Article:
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Google Joins Amazon at Adelaide’s $2bn Tech Hub


Google is the latest tech giant to sign up for space in Adelaide’s Lot Fourteen which is currently taking shape in the city’s CBD.

The announcement comes after Amazon’s decision in February to move into the precinct. The development is aimed at hi-tech industries including artificial intelligence, machine learning, cybersecurity, data analytics, computer vision, augmented/virtual reality and the internet of things. The Lot Fourteen plans consist of six refurbished state-heritage buildings, a café, the Hanson building and five new buildings. It will include a flagship 16-storey entrepreneur-and-innovation centre expected to open in late 2023.

Quintessential Equity are working on the $400-million building designed by Baukultur, which was approved in February. The precinct, which will take a decade to create, will eventually have 650 start-up desks, 100,000sq m of office space, 35,000sq m of open space and 20,000sq m of cultural space, including the centrepiece Aboriginal Art and Cultures Centre.


Accenture is collaborating with the South Australian government to launch an aerospace and defence focused technology hub in Adelaide, in a move that is expected to create 2,000 jobs over the next half a decade.

The new tech hub will act as a base for significant investments into national security operations, aerospace and cyber defence. At the same time, the hub will be home to Advanced Technology Centres of Excellence, driving innovation in areas such as Oracle, SAP, Splunk and Salesforce, among others.

Accenture has become a trusted partner for Australia’s defence sector in recent years, and the latest move signals a push to cement this position. The new hub will build on some of the professional services firm’s existing capabilities, and further expand a prolific network of innovation centres.

“The Accenture Adelaide hub will collaborate with Accenture hubs in Sydney, Melbourne, Perth and Canberra. These locations are connected to more than 100 Accenture innovation hubs and centres around the globe, bringing the best of Accenture’s capabilities, in advanced technologies, intelligent operations and cyber security to clients in Australia,” said Bob Easton, Chairman of Accenture Australia & New Zealand.

Boosting the local economy

According to South Australia Premier Steven Marshall, the launch is tremendous news for South Australia and Adelaide in particular. Accenture’s investments in the new hub might generate up to $1 billion for the state according to Marshall, in addition to attracting exciting talent.

“Accenture’s Adelaide hub will serve as a magnet for talented young people who will help drive our state’s economic growth and bolster our defence, space and cyber sectors,” said Marshall. The hiring process has already begun with advertisements for engineering and support positions at the hub, and reports suggest that up to 2,000 new positions could emerge as a result of the investment.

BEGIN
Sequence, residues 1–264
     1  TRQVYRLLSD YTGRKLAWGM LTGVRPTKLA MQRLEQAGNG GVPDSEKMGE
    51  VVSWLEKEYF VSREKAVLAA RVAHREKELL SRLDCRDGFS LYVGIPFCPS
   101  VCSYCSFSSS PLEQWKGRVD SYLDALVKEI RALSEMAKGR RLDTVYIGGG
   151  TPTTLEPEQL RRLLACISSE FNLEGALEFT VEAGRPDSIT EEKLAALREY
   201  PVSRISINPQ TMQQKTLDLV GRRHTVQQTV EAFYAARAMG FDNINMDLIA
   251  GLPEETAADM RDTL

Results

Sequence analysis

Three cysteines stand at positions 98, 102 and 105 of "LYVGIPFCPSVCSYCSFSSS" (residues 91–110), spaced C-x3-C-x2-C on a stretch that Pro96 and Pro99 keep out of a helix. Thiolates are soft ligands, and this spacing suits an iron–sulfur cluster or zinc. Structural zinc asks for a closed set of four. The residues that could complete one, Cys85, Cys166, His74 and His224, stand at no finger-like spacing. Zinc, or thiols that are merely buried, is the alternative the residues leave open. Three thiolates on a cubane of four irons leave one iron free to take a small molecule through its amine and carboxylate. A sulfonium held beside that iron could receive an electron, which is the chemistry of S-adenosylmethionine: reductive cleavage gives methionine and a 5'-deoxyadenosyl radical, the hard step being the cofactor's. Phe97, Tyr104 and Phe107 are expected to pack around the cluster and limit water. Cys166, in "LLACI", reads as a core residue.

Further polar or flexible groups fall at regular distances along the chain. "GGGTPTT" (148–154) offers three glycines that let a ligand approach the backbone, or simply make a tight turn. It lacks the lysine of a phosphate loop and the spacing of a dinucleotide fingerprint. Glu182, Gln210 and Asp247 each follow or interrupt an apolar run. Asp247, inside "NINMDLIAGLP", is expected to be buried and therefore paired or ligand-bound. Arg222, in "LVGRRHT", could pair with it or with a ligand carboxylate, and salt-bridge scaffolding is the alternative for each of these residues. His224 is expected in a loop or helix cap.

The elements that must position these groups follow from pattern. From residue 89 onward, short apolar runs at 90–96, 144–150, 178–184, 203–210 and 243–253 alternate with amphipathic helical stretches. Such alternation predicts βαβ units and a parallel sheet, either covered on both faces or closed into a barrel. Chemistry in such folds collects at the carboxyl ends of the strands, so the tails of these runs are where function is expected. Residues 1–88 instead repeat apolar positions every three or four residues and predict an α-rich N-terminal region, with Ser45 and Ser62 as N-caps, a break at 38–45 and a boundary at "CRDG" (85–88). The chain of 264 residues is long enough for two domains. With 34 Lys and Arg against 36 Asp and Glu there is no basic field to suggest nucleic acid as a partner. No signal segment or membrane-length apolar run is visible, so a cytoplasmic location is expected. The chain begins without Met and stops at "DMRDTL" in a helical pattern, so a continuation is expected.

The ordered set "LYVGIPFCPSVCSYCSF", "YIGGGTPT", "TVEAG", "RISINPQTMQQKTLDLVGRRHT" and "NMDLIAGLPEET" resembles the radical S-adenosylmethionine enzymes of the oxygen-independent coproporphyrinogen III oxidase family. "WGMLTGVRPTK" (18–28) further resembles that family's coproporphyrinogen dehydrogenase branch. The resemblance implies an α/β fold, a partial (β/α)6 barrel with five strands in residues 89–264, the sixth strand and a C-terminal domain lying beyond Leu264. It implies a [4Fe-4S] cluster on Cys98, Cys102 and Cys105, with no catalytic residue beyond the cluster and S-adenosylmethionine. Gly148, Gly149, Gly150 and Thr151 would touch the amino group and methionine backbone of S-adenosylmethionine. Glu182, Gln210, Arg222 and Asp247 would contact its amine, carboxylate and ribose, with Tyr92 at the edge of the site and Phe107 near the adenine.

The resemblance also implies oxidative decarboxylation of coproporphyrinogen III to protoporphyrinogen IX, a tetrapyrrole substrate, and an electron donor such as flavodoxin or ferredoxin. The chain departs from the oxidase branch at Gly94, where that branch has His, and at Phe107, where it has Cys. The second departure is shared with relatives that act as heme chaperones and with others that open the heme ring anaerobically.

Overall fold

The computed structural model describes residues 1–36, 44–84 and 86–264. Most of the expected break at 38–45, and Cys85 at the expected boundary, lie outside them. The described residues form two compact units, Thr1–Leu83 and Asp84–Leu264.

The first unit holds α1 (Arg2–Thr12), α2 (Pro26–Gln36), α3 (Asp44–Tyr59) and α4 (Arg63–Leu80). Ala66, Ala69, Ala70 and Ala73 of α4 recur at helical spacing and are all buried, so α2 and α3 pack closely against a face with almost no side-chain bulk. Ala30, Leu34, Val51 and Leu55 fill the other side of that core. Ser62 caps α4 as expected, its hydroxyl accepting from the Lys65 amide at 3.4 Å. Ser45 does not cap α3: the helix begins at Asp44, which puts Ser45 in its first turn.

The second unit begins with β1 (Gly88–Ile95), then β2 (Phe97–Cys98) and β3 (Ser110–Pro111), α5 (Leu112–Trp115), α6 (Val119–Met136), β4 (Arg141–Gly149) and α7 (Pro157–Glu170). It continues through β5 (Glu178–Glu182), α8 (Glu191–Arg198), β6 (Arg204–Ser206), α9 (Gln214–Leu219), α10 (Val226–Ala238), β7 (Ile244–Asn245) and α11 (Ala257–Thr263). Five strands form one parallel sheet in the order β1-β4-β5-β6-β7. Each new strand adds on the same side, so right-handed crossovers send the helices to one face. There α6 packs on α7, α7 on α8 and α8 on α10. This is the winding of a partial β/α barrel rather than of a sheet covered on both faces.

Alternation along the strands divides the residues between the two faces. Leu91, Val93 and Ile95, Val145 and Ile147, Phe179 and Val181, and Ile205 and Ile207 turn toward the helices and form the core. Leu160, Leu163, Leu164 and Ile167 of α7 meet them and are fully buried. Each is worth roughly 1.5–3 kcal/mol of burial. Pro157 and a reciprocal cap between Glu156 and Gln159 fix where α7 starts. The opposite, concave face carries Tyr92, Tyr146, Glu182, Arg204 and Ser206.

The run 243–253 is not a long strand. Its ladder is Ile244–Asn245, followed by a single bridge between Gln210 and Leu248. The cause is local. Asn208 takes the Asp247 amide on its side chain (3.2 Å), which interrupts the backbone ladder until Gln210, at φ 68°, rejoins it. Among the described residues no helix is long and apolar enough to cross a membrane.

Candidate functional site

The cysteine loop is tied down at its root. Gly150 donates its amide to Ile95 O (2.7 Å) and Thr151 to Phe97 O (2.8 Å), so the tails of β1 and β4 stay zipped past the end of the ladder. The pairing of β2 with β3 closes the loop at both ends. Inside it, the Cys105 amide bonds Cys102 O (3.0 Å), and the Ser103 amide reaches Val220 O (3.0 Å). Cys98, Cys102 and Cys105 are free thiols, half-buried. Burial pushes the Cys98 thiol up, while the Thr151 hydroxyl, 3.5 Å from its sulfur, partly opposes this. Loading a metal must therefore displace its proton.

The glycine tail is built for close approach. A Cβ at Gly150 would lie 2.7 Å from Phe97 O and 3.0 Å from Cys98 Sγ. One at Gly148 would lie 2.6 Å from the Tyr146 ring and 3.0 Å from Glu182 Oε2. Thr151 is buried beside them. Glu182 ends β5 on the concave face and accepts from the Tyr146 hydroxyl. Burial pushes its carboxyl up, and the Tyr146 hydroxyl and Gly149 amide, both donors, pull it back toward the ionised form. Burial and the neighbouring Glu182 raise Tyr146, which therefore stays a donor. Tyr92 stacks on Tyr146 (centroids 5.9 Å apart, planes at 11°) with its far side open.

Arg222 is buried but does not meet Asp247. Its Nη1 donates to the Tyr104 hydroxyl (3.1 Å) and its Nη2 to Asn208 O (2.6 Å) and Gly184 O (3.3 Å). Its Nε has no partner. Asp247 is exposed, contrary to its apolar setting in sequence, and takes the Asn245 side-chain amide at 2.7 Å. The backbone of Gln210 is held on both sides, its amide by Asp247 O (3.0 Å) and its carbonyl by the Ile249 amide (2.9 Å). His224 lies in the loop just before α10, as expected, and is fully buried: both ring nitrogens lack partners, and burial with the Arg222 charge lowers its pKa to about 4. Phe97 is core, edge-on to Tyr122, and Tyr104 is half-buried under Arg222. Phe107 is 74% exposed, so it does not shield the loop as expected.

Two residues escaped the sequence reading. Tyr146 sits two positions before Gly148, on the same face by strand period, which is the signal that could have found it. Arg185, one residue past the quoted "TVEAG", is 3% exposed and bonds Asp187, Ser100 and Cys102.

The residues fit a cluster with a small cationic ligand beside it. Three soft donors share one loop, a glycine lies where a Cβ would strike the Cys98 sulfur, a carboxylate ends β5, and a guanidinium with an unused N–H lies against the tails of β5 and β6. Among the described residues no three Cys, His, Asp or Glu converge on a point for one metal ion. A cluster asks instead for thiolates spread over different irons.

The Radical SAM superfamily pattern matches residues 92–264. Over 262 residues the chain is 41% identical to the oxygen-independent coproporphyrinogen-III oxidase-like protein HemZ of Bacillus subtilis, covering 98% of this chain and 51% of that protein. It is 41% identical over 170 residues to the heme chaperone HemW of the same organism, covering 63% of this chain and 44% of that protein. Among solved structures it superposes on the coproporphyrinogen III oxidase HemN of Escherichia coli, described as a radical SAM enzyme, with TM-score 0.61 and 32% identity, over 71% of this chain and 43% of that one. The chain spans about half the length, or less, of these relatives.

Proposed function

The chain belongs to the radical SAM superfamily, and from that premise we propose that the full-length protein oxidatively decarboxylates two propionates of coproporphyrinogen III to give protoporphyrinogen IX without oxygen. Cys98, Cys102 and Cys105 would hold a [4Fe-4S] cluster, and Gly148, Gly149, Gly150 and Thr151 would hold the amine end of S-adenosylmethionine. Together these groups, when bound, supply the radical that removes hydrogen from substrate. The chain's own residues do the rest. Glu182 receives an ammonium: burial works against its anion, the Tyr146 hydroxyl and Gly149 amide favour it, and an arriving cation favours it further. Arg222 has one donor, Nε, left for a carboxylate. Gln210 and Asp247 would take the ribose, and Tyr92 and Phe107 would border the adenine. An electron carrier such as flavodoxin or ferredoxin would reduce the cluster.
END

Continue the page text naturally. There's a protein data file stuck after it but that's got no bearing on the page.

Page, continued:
“Accenture is committed to serve as a key member of the local community, investing and working together with other businesses and educational institutions to assist the South Australian government in meeting its economic growth targets,” said Easton. The investment and hiring drive is being juxtaposed with Accenture’s recent move to cut up to 250 jobs in Australia as part of a global drive to scale back on costs.

The cuts are being made in the lowest performing areas of the business, and reports suggest that Accenture is focusing its efforts on high potential business segments. For South Australia, this means a significant economic boost. “This is a jobs bonanza for South Australia at a time when we need it most,” said Marshall.

The 13 buildings in Lot Fourteen, Adelaide's tech-hub include a mix of new developments and state heritage buildings.

▲Lot Fourteen is on the corner of Forme Road and North Terrace, between the University of Adelaide and botanic gardens at the north-east corner of the CBD.

Work on Lot Fourteen started in 2017 after the demolition of the Royal Adelaide Hospital. In 2018 a master plan was signed-off on and the precinct became the cornerstone of the Adelaide City Plan.The state and federal governments have so far invested $722 million while the private sector has allocated $1.2 billion for the project.

Premier Steven Marshall said having Google in the precinct would enhance SA’s growing hi-tech reputation and create jobs. “South Australia has world-leading capabilities in artificial intelligence, data analytics and cyber security that make us globally interesting and provides digital tech companies with an opportunity to come together to partner on projects that can literally change the world we live in,” Marshall said.

Google’s Cloud public sector team at Lot Fourteen will work in health and medical research as well as using the hub as a training and event venue for its customers and partners.
The team's director in Australian and New Zealand, Michael Grantham, said the state's health capabilities were closely aligned with Google Cloud’s strategic priorities.
Since its inception, the tech-hub population has grown to 1000 people in operations including the Australian Space Agency, Defence and Space Landing Pad, MIT bigdata Living Lab, Smart Sat CRC, The Circle First National Entrepreneur Hub, and the Australian Institute of Machine Learning as well as the Space Discovery Centre and Mission Control Centre.
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